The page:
When the U.S. Food and Drug Administration (U.S. FDA) finds that a company has significantly violated its regulations, the agency notifies the manufacturer in the form of a Warning Letter.
- Failure to promptly correct violations and respond in writing within fifteen (15) working days may result in legal action by FDA without further notice, including seizure and/or injunction.
- Your response should outline the specific actions you are taking to address these violations and to prevent similar violations from occurring in the future.
- You should include in your response documentation and any other useful information that would assist the FDA in evaluating your corrections.
- If you cannot complete all corrections before you respond, you should explain the reason for your delay and state when you will correct any remaining violations.
The U.S. FDA’s practice is to give individuals and firms an opportunity to take voluntary and prompt corrective action before it initiates a recall, seizure, injunction, administrative detention, civil money penalties and or prosecution.
If the Warning Letter is to a foreign food facility, FDA will contact the U.S. Agent by email, phone, facsimile, or regular mail within 5 business days and inform the agent that a redacted letter is available on the Warning Letter page.
A Warning Letter is the agency’s principal means of achieving prompt voluntary compliance with the Federal Food, Drug, and Cosmetic Act. Such letter is posted publicly on www.fda.gov.
However, the FDA is under no legal obligation to warn individuals or firms that they or their products are in violation of the law before taking enforcement action, except in a few specifically defined areas.
When acting under the authority of the Electronic Product Radiation Control Provisions of the Federal Food, Drug, And Cosmetic (FD&C) Act, the FDA is required by law to provide a written notification to manufacturers when the agency discovers products that fail to comply with a performance standard or that contain a radiation safety defect.
A Warning Letter is a correspondence that notifies regulated industry about violations that FDA has documented during its inspections or investigations.
Expect Warning Letters to request the recipient cease any violative conduct listed below. This list is not exhaustive:
▪ Unapproved New Drugs.
▪ Misbranded New Drugs.
▪ Misbranding of an Investigational New Drug.
▪ Omission of Risk Information.
▪ Omission of Material Fact.
▪ Adulterated Dietary Supplements.
▪ Misbranded Dietary Supplements.
▪ Failure to
- maintain Current Good Manufacturing Practices.
- properly maintain equipment used in the manufacture of API.
- conduct Hazard Analysis and Risk-Based Preventive Controls.
- update drug listing files to reflect discontinuance of drug products.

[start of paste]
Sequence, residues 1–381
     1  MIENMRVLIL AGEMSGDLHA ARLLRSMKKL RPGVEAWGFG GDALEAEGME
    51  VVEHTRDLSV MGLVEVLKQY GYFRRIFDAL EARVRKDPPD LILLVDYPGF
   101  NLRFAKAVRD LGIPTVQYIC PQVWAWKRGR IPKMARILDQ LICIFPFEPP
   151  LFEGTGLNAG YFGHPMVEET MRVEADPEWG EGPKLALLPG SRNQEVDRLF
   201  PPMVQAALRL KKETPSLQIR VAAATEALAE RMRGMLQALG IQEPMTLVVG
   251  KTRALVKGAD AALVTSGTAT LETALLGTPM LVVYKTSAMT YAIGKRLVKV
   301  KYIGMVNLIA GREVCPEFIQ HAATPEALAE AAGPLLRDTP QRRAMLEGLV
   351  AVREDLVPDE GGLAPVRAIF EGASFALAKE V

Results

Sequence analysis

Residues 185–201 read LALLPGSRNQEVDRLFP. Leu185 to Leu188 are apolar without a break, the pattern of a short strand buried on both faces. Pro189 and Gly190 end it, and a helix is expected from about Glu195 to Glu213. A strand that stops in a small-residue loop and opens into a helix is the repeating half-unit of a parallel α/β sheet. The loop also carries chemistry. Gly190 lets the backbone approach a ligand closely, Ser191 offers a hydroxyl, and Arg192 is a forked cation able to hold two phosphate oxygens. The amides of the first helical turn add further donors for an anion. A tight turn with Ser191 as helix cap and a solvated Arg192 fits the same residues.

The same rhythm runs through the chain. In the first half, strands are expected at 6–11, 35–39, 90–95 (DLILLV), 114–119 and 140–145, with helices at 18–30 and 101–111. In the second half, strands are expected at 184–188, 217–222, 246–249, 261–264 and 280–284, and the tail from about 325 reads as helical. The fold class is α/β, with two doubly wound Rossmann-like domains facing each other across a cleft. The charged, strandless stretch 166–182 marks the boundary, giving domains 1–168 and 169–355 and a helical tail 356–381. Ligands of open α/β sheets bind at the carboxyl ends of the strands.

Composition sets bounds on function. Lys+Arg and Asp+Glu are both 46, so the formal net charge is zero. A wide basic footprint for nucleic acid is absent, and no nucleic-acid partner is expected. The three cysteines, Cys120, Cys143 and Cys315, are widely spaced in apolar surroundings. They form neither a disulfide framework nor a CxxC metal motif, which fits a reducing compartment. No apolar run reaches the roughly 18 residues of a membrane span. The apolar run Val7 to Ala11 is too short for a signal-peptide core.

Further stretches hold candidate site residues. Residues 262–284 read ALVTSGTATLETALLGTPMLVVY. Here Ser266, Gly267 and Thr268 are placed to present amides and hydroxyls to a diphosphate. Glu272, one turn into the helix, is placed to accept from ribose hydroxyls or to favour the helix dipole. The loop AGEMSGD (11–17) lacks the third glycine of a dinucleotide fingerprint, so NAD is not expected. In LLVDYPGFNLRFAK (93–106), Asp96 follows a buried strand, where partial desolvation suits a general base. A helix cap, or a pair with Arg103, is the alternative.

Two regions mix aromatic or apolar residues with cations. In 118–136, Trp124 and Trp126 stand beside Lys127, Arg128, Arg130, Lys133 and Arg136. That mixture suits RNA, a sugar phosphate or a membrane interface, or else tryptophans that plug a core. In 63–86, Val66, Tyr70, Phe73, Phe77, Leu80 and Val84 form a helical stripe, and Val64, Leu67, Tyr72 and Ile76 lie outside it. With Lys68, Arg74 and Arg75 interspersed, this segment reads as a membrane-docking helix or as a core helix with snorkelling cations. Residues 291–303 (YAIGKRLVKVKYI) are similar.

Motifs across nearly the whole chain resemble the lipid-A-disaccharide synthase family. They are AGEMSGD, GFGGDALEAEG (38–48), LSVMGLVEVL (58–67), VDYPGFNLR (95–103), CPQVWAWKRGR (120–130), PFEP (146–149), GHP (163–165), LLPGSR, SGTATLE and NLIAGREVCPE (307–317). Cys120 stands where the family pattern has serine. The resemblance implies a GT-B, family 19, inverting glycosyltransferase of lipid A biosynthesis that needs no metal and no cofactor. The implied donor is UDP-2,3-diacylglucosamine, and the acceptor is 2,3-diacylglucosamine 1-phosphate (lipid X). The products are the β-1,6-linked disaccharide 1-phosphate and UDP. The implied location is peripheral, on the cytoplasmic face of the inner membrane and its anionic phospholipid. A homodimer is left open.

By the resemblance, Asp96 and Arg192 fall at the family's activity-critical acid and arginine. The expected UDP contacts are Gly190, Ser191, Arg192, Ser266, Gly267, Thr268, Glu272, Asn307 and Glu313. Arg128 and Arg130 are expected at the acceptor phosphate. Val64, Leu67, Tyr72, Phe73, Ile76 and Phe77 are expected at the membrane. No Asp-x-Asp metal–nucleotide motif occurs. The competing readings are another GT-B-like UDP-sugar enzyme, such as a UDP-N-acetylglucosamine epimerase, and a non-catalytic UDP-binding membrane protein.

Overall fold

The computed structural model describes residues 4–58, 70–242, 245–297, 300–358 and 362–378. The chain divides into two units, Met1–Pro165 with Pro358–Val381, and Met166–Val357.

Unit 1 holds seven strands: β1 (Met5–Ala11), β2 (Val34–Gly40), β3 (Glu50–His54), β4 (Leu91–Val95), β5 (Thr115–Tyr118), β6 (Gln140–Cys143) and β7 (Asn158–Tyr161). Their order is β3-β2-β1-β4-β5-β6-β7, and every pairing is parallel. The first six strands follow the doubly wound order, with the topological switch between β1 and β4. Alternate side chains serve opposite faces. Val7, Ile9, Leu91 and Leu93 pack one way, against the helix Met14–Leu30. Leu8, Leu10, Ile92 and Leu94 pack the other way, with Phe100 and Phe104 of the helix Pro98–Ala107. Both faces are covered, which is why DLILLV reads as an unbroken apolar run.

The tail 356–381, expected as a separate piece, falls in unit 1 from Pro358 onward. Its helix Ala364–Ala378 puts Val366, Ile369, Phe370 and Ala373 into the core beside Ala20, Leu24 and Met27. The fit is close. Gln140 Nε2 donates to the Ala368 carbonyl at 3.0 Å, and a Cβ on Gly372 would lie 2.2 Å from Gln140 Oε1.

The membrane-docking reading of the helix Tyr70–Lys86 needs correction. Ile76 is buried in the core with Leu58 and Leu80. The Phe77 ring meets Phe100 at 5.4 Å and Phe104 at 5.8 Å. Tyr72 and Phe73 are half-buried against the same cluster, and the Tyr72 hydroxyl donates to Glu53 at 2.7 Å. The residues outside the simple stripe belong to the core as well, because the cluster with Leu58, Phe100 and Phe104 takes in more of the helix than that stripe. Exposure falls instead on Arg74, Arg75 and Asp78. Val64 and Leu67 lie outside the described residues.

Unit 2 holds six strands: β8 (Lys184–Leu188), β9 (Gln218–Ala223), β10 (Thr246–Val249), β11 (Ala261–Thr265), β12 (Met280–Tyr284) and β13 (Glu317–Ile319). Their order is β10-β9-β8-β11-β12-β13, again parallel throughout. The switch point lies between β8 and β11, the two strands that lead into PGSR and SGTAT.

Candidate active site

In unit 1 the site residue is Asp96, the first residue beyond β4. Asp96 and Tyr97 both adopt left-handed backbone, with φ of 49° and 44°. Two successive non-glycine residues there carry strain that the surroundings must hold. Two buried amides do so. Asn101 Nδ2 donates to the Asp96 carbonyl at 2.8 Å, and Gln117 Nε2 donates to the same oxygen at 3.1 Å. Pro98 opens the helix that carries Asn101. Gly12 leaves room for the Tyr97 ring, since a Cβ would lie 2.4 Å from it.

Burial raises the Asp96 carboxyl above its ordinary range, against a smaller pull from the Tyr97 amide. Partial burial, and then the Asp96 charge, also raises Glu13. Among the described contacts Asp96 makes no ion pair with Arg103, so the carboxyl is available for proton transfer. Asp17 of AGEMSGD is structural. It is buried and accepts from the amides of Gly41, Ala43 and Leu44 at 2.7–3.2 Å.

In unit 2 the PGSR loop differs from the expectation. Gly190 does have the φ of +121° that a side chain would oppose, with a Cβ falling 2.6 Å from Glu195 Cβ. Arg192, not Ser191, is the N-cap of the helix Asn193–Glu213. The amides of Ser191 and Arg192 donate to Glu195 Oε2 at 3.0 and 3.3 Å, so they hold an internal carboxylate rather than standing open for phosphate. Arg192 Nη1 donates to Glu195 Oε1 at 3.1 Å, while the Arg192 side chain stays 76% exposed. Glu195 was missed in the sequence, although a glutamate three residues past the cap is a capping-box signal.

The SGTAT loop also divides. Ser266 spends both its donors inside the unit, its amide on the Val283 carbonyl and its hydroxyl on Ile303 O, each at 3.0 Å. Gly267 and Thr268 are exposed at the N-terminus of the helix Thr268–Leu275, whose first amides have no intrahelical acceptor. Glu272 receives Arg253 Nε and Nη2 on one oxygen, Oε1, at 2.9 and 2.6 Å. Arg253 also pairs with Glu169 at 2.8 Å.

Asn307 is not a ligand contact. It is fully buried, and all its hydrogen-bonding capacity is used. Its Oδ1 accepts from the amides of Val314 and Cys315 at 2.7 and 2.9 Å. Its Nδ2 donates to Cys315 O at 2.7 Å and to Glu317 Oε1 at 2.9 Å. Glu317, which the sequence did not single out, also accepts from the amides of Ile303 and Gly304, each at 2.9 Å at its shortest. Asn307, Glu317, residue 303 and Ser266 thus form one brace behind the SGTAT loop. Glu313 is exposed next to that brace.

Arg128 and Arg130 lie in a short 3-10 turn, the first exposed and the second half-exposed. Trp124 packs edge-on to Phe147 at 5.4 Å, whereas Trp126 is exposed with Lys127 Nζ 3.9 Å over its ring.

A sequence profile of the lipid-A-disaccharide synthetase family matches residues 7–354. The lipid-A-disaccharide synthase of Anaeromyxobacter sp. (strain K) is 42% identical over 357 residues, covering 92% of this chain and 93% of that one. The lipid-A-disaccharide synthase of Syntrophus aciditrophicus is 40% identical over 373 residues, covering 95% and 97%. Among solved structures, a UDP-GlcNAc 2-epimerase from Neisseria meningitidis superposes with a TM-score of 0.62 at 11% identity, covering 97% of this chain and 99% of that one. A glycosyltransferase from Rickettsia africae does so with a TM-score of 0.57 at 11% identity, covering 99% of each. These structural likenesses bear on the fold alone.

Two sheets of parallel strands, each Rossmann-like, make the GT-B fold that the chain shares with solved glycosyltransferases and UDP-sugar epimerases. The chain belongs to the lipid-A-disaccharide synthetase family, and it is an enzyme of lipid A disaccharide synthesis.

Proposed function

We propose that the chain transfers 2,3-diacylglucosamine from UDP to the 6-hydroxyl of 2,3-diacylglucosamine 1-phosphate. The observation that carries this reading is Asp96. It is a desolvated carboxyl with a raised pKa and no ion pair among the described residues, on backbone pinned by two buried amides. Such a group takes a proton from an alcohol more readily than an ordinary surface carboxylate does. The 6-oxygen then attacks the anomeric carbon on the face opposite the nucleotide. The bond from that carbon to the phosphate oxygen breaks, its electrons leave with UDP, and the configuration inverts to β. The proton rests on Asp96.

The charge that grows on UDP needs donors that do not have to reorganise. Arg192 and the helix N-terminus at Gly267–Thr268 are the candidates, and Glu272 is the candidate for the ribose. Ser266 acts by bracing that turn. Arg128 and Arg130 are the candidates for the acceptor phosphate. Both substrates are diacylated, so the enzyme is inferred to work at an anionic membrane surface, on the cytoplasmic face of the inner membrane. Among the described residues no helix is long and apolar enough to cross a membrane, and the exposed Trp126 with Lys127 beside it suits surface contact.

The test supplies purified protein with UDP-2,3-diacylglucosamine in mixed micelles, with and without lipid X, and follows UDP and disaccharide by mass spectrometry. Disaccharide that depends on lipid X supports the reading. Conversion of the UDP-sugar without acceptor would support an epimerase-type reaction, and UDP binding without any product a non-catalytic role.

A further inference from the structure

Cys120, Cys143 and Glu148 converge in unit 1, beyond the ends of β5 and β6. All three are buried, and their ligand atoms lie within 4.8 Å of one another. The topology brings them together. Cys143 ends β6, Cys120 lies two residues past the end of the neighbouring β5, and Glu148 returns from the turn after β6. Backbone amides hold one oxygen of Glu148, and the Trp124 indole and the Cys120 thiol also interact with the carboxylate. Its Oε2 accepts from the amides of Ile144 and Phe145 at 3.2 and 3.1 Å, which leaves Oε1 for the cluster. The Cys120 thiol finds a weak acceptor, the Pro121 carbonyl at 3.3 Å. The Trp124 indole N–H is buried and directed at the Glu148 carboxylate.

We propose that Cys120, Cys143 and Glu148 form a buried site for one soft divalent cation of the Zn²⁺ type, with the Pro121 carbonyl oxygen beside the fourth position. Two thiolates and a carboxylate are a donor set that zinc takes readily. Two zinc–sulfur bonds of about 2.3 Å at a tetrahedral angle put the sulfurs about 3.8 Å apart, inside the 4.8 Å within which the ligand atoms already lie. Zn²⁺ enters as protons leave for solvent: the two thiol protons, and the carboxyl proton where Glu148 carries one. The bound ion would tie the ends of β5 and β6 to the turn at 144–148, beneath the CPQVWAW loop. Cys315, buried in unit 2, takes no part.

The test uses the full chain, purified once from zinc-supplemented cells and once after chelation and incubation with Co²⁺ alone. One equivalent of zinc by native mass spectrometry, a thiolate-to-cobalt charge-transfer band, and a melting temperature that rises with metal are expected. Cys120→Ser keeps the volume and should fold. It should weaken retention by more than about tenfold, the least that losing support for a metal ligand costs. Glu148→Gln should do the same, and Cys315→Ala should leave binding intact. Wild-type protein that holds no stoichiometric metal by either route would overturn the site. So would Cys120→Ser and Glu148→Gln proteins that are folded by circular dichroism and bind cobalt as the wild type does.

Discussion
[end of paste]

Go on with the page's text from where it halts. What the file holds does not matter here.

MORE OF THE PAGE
- submit under Form FDA-2253 (Transmittal of Advertisements and Promotional Labeling for Drugs for Human Use).
Your drugs could be adulterated in that they have been manufactured, processed, packed, or held in an establishment where the owner or operator has limited inspection and refused inspection.
Until FDA is permitted to inspect your facility and confirms compliance with CGMP, it may recommend withholding approval of any new applications or listing.
Furthermore, your drug products could be misbranded in that they were manufactured, prepared, propagated, compounded, or processed in an establishment not duly registered, and the articles have not been listed as required.
Labeling misbrands a product if:
- It is in package form and its label fails to contain the name and place of business of the manufacturer, packer, or distributor and an accurate statement of the quantity of the contents in terms of weight, measure, or numerical count
- There is any representation that creates an impression of official approval because of the possession by the firm of an FDA registration number
- The labeling lacks adequate warnings for the protection of users, and there is potential for adverse events associated with the use of this product, particularly since someone who takes it would be unaware of the presence of the undeclared ingredients
- You sell products that are intended for use in the mitigation, prevention, treatment, diagnosis, or cure of COVID-19 in people, without FDA approval, clearance, or authorization
If your company is not located in the United States, please note that products that appear to be adulterated or misbranded are subject to detention and refusal of admission if they are offered for importation into the United States.
FDA could recommend engaging a third-party consultant qualified to evaluate your operations to assist your firm in meeting CGMP (Current Good Manufacturing Practices) requirements. Your use of a consultant does not relieve your firm’s obligation to comply with CGMP.
The U.S. Food and Drug Administration may also advise the appropriate regulatory officials in the country from which you operate that it considers your product(s) listed to be adulterated and misbranded products that cannot be legally sold to consumers in the United States.